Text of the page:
The pit bull-mix puppy walks with an awkward gait and his feet and lower legs look malformed because of weak muscles and ligaments caused by poor nutrition and abuse. His ribs, hips and backbones are clearly visible through his white fur.
Though he is 5 months old and should weigh at least 40 pounds, he weighed only 13 pounds when a good Samaritan brought him to the Animal Rescue League Shelter & Wildlife Center in Larimer. The staff named him Valentino because he was rescued two days before Valentine’s Day.
Valentino was the poster dog for a news conference Friday to call for stiffer penalties for people convicted of abusing animals.
“It breaks my heart to see what people do. He was put out like garbage,” abandoned in a field in frigid temperatures, said Kristal Krieger, a veterinary technician at the shelter.
She’s also Valentino’s “foster mom,” taking care of him at her home, where he has gained five pounds.
“It’s been really cool to watch his personality emerge,” said Dan Rossi, executive director of the rescue league. Two weeks ago Valentino was shy and withdrawn, behavior often exhibited by dogs that have not been cared for with love and affection.
At the news conference, Valentino wagged his tail, looked at people with his startling pale blue eyes and solicited pats and belly rubs from strangers.
Mr. Rossi was joined by Brian Bonsteel, president of Humane Action Pittsburgh.
“Animal abuse is something we cannot rescue our way out of,” said Dr. Bonsteel, a Pittsburgh dentist. “We need to legislate it. Is Valentino worth 10 minutes of your time? Call your legislator and ask him to vote for” laws that would help animals.
The Animal Rescue League, Humane Action Pittsburgh and the Western Pennsylvania Humane Society are pushing especially for passage of state House Bill 113 — known as Angel’s Law. It would make animal cruelty a misdemeanor instead of a summary offense, which generally results in fines but no jail time. Repeat offenders would be prosecuted as felons.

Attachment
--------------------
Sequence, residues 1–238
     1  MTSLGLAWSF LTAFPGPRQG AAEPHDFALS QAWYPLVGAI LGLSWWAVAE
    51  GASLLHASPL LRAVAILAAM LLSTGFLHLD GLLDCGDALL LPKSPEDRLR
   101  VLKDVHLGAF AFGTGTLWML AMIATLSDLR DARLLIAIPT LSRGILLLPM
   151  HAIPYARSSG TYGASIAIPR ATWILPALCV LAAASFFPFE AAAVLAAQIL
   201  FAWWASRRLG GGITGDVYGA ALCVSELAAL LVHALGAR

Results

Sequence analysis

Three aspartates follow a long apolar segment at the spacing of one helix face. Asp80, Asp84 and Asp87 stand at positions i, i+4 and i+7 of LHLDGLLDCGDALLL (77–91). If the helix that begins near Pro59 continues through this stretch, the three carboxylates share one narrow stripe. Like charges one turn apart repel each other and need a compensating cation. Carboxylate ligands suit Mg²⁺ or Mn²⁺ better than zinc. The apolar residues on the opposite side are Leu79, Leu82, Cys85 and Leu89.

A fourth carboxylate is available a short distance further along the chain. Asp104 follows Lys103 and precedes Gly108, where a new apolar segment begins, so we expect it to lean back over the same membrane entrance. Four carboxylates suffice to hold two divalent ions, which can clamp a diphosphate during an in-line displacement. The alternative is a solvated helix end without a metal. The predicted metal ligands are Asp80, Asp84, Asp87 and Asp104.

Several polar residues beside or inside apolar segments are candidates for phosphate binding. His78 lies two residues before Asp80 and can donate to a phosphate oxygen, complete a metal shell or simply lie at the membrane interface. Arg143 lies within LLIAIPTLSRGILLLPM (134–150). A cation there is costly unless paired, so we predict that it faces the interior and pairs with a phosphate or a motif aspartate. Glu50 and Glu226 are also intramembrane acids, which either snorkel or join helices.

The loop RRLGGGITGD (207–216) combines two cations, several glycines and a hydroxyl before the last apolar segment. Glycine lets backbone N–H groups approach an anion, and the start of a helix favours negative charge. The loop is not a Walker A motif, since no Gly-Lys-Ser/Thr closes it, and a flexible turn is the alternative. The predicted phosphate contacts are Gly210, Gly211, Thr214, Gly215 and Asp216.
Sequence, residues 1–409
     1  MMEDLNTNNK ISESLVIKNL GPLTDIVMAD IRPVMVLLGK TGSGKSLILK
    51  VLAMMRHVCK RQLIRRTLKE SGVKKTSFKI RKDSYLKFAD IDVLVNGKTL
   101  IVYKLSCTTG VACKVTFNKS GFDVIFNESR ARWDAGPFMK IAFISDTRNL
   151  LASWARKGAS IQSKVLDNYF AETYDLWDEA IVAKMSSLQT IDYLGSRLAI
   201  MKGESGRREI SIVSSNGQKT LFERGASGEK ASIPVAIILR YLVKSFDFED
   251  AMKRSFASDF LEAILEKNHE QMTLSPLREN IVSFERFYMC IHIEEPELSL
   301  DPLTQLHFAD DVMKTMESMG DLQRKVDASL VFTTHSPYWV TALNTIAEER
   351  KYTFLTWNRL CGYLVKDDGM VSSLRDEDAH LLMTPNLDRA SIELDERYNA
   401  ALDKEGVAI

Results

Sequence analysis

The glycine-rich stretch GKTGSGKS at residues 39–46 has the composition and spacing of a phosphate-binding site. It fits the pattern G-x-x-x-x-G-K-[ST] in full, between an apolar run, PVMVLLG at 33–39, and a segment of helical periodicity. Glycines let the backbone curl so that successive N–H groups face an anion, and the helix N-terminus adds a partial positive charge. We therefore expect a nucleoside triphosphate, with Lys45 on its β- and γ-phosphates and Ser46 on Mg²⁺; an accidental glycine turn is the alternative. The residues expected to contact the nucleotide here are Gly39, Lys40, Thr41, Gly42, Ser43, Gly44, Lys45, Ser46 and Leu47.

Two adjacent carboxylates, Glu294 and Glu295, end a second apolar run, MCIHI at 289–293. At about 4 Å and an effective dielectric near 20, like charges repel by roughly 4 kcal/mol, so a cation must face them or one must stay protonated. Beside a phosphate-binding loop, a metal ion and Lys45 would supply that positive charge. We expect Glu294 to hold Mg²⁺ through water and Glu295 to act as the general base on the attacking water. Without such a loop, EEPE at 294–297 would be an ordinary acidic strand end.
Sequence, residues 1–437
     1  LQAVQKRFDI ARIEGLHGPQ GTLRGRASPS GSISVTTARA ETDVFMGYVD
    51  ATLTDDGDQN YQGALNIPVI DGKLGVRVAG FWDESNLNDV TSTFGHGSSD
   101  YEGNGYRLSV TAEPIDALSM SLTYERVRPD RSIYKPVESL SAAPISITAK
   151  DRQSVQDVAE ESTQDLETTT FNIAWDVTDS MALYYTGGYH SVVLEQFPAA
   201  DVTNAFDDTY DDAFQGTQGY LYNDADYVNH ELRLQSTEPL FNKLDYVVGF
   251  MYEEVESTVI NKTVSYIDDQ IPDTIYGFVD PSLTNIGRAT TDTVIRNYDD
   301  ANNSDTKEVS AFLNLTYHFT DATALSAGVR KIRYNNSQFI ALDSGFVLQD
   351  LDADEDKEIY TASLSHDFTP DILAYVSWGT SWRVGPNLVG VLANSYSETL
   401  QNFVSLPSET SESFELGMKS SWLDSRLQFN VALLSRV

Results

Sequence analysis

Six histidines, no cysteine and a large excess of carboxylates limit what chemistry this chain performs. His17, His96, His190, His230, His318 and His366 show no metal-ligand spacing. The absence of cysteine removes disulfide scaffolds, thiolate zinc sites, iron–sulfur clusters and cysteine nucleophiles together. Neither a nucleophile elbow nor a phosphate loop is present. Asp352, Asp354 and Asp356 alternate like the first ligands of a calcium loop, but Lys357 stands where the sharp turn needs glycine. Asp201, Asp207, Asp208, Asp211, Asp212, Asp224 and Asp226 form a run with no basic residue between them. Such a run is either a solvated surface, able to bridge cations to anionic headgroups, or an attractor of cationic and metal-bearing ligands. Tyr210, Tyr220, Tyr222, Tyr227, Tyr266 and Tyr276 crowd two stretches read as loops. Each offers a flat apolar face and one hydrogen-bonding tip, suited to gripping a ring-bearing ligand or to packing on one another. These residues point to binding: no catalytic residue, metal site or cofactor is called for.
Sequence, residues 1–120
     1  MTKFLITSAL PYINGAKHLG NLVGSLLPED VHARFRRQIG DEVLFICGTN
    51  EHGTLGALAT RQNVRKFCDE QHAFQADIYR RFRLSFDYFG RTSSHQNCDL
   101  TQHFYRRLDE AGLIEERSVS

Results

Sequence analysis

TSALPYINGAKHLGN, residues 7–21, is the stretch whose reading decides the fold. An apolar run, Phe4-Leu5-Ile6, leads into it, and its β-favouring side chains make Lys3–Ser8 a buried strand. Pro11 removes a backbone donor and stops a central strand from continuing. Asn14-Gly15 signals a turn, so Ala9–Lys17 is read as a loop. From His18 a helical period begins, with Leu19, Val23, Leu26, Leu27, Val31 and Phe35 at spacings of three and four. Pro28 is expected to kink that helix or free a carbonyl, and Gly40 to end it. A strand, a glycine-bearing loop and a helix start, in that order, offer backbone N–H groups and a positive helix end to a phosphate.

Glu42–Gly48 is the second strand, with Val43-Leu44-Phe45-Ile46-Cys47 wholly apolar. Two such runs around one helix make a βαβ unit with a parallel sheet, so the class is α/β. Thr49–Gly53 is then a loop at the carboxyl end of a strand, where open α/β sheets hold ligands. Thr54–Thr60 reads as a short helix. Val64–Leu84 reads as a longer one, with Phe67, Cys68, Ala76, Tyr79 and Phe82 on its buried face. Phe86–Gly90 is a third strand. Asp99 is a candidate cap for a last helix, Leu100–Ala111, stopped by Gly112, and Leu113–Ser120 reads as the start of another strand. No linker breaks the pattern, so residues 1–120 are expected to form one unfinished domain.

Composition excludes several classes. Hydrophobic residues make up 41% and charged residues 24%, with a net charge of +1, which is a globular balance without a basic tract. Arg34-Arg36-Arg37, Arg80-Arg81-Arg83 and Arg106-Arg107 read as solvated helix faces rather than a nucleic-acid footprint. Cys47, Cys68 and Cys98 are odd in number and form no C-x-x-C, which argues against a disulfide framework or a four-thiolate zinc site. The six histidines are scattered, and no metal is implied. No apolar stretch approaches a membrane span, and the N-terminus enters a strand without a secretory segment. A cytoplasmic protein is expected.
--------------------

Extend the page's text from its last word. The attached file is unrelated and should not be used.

Proposed by state Rep. Dom Costa, D-Stanton Heights, and named for an abused dog, Angel’s Law is currently stalled in the Judiciary Committee with more than 300 other bills.
Earlier in the afternoon on the other end of the city, a pit bull-mix named Effie also had a news conference. When rescued by Pittsburgh police Officer Christine Luffey in January and taken to a North Side shelter, she weighed 13 pounds.
Effie, 3, was brought from her foster home to the Western Pennsylvania Humane Society for a weigh-in. Shelter workers and volunteers applauded when she tipped the scale at 26 pounds.
Like Valentino, Effie now is being used to highlight the need for Angel’s Law.
Gerald Walker Jr. has been charged with starving and neglecting the dog in a Homewood apartment.
As part of its lobbying efforts, the Western Pennsylvania Humane Society has sold 1,000 ”Effie Strong” bracelets for $5. They can be ordered from the shelter’s website or Facebook page.
Linda Wilson Fuoco: firstname.lastname@example.org or 412-263-1953.